Stop Collecting Data

February 1, 2021


Get ready for something your evaluator and your funder will rarely say to you...stop collecting data. Not all of it....but that stuff over there that you aren't sure what to do with? Stop.

As an evaluator, I almost always have a use for additional data to help nonprofits define and measure their impact. But what tends to happen over time is that you collect data for a grant, then add more for the next grant, then add more so you can common metrics with collaborating organizations, then your intern helps add in a survey you think might be helpful, and the next thing you know, your intake packet is 6 pages long but you still feel like you can't answer the questions that you most need to know.


Data are only as useful as the information and knowledge that comes from them.


Data vs information? Aren't those the same thing? No. Data are raw, unorganized or unanalyzed, singular elements about a person, process, etc. (ne piece of data is called a 'datum' if you really want to be fancy). Five feet 2 inches is one piece of data. What does it tell you? Nothing. Information is the meaning making behind the data. Information is the data plus context, organized in a meaningful way. Telling you my height is 5 feet 2 inches is information. It makes just the raw number more useful and informative. Knowledge is pulling information together in a way that is usable. Telling you the average height of a WNBA player is 6 feet even and I'm 5'2" allows you to see that my changes of playing in the WNBA aren't biologically favored.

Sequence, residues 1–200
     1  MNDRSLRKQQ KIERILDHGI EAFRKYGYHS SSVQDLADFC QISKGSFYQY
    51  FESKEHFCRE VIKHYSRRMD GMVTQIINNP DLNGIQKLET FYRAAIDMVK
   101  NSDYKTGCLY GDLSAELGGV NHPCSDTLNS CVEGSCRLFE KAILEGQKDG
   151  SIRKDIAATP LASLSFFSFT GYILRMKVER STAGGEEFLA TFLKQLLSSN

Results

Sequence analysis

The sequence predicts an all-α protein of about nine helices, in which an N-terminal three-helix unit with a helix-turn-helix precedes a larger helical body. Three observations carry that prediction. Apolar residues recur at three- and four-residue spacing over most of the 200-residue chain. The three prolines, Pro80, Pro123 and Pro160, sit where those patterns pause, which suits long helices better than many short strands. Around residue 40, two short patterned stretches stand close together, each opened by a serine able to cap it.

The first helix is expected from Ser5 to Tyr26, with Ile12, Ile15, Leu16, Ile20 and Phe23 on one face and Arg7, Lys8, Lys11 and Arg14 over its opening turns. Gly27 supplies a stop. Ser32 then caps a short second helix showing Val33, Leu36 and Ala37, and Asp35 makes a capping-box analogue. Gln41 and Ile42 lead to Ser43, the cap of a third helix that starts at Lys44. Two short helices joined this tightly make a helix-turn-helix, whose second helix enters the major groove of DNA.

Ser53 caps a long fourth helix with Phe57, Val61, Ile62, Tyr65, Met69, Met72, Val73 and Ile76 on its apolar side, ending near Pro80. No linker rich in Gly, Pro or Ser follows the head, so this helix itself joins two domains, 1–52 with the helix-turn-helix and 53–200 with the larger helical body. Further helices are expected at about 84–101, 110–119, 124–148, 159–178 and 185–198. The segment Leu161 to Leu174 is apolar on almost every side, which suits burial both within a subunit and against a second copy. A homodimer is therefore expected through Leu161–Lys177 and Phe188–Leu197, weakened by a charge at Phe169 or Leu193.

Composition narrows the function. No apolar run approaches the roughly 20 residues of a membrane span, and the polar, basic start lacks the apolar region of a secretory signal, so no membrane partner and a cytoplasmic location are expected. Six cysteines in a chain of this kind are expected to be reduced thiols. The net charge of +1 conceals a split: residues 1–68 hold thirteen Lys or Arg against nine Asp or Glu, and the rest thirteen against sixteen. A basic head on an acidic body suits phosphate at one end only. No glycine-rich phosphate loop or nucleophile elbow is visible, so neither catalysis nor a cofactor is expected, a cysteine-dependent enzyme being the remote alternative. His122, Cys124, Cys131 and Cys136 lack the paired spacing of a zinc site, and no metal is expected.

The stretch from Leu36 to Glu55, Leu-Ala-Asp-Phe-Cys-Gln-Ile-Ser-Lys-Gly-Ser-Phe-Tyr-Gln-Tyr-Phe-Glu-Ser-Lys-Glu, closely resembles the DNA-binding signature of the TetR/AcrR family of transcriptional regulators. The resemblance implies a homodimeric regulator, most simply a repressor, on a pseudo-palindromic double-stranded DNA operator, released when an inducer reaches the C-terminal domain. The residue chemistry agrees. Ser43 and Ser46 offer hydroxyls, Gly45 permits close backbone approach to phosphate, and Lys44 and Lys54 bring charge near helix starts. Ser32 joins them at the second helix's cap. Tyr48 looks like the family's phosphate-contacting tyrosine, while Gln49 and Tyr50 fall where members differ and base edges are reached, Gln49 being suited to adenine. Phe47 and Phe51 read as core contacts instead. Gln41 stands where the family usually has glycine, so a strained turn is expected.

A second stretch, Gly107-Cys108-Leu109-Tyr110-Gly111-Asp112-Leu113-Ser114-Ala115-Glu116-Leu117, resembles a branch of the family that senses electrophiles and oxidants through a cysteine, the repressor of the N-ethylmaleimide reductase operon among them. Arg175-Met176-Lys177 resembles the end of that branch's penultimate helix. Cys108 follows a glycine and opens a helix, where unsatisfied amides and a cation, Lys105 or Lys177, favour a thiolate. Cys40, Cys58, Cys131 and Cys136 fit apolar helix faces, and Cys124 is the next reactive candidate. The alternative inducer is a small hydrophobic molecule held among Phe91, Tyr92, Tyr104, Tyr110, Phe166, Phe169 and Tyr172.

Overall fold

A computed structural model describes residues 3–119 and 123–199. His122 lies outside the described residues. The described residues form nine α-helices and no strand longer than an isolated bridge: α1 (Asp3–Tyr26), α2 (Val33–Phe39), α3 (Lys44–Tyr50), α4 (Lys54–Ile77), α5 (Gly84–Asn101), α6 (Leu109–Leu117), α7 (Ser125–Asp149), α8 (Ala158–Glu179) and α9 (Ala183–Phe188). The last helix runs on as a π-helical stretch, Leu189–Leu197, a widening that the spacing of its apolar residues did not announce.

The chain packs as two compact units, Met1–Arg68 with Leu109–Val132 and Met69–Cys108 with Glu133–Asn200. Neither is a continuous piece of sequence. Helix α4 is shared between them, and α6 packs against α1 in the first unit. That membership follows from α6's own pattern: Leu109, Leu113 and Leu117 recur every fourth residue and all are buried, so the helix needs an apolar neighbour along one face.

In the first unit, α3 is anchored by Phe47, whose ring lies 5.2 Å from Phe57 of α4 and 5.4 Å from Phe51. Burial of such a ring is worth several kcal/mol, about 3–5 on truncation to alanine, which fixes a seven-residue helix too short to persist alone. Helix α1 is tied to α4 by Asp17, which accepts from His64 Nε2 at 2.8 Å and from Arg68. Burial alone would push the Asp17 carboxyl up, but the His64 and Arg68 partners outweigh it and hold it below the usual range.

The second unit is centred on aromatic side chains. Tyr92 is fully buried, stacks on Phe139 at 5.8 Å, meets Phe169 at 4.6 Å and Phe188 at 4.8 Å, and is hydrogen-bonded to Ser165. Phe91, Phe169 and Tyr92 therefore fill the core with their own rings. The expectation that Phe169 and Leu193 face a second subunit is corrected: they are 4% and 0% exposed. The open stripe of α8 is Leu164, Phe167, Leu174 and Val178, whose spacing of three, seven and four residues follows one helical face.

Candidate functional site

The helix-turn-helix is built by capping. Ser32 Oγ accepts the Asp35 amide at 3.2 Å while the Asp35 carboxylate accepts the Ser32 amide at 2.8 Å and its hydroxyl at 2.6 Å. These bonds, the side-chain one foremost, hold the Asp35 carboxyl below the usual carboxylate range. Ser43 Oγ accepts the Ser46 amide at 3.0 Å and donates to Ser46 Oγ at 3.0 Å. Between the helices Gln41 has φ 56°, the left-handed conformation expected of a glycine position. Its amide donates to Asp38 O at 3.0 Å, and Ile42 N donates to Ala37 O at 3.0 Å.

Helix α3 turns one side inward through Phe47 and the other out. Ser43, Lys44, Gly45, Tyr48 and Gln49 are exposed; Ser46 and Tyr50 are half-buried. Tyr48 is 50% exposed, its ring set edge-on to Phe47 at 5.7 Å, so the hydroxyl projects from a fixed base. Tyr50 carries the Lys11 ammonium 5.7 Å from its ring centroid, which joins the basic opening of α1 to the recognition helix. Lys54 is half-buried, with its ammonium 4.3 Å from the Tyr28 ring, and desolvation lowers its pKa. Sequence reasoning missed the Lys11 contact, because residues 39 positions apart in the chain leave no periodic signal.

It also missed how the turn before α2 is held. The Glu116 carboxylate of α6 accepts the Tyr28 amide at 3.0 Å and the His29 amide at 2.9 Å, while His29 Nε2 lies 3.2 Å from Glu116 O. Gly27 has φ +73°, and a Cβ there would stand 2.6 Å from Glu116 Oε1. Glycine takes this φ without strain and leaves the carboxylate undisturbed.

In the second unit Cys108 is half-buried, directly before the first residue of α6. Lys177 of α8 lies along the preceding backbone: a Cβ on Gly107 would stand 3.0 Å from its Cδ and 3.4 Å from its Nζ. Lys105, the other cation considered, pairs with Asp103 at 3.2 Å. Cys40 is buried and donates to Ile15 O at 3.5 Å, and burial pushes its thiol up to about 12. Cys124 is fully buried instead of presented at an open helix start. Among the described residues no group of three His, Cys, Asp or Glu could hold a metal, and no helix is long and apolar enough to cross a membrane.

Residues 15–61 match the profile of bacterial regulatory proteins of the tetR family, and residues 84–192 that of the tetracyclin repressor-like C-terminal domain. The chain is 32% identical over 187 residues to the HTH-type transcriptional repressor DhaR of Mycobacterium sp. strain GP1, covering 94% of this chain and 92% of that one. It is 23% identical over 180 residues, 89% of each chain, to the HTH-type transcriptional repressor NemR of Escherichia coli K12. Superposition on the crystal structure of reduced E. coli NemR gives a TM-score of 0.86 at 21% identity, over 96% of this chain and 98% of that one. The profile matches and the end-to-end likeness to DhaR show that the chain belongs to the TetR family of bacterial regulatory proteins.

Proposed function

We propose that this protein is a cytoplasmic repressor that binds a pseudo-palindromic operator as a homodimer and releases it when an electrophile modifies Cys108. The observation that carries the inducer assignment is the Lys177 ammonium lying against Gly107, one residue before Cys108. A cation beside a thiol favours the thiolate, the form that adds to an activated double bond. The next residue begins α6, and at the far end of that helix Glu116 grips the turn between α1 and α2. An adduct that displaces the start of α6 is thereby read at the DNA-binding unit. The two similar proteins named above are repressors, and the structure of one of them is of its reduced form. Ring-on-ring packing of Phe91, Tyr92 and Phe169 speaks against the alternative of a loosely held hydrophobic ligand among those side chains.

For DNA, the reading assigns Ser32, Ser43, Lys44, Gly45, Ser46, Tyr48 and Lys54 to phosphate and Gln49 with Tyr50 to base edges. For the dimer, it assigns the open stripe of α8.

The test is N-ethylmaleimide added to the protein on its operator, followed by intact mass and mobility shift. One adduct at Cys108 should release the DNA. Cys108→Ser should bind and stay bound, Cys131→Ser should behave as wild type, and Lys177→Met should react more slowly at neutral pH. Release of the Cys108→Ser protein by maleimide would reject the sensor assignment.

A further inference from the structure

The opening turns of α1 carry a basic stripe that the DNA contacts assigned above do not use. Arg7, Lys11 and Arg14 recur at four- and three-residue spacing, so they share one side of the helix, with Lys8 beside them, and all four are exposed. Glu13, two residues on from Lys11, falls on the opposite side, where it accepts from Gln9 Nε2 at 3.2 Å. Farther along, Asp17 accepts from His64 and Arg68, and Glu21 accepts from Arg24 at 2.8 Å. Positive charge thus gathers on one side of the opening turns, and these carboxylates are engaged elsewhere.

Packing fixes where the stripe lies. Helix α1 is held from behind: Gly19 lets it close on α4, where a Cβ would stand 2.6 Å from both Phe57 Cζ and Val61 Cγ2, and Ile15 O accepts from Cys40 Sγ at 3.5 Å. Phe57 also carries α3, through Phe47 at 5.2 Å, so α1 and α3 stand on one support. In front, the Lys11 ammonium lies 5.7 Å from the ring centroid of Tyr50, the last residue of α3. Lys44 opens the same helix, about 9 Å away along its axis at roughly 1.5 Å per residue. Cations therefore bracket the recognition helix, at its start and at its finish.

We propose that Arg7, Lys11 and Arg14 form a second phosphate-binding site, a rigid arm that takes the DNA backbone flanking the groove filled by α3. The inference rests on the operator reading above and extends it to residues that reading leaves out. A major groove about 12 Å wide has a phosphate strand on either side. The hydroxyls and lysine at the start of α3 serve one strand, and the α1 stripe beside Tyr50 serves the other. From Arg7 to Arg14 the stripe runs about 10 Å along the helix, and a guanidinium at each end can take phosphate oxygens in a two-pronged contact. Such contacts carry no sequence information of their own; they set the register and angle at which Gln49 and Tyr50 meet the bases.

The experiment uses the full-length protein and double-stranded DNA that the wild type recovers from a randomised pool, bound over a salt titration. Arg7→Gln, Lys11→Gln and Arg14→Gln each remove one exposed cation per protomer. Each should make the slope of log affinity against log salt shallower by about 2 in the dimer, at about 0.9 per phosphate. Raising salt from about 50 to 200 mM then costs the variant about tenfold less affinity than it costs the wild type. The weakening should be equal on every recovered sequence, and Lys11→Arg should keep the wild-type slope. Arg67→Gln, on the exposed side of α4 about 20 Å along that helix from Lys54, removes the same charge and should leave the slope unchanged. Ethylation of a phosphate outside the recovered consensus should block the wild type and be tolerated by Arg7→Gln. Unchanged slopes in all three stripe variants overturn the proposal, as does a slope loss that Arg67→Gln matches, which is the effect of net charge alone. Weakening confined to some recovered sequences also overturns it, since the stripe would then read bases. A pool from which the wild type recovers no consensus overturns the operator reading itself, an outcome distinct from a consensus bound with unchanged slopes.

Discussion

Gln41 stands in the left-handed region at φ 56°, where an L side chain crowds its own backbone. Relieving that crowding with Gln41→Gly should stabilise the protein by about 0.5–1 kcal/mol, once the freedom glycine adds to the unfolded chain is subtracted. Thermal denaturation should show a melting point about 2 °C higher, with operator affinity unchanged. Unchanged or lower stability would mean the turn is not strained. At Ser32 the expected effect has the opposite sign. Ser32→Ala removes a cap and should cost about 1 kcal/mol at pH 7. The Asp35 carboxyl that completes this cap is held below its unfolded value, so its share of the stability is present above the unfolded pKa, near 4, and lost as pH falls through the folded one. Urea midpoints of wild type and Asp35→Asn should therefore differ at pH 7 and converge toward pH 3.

Similarly in an example nonprofit, a depression screener that's part of an intake packet contains data. If you use that screener to flag for clients who may need additional resources, it is information. If you can report on the prevalence of depression symptoms in your clients and use that to direct funding or programming, then it's knowledge.

What if you're collecting data but not using it?

Then. Stop. Collecting. It.


Seriously. It's additional stress for you, your staff, your data systems, and most importantly, your clients. People get fatigued answering too many questions or providing too much information. It may create a barrier that makes clients less likely to come in for services or more resistant to build trust with your org. If it isn't useful for your work with that participant, your decisions in the program or the organization more broadly, or required by a funder, get rid of it. Don't torture yourself or your clients with things that aren't adding value to them or you.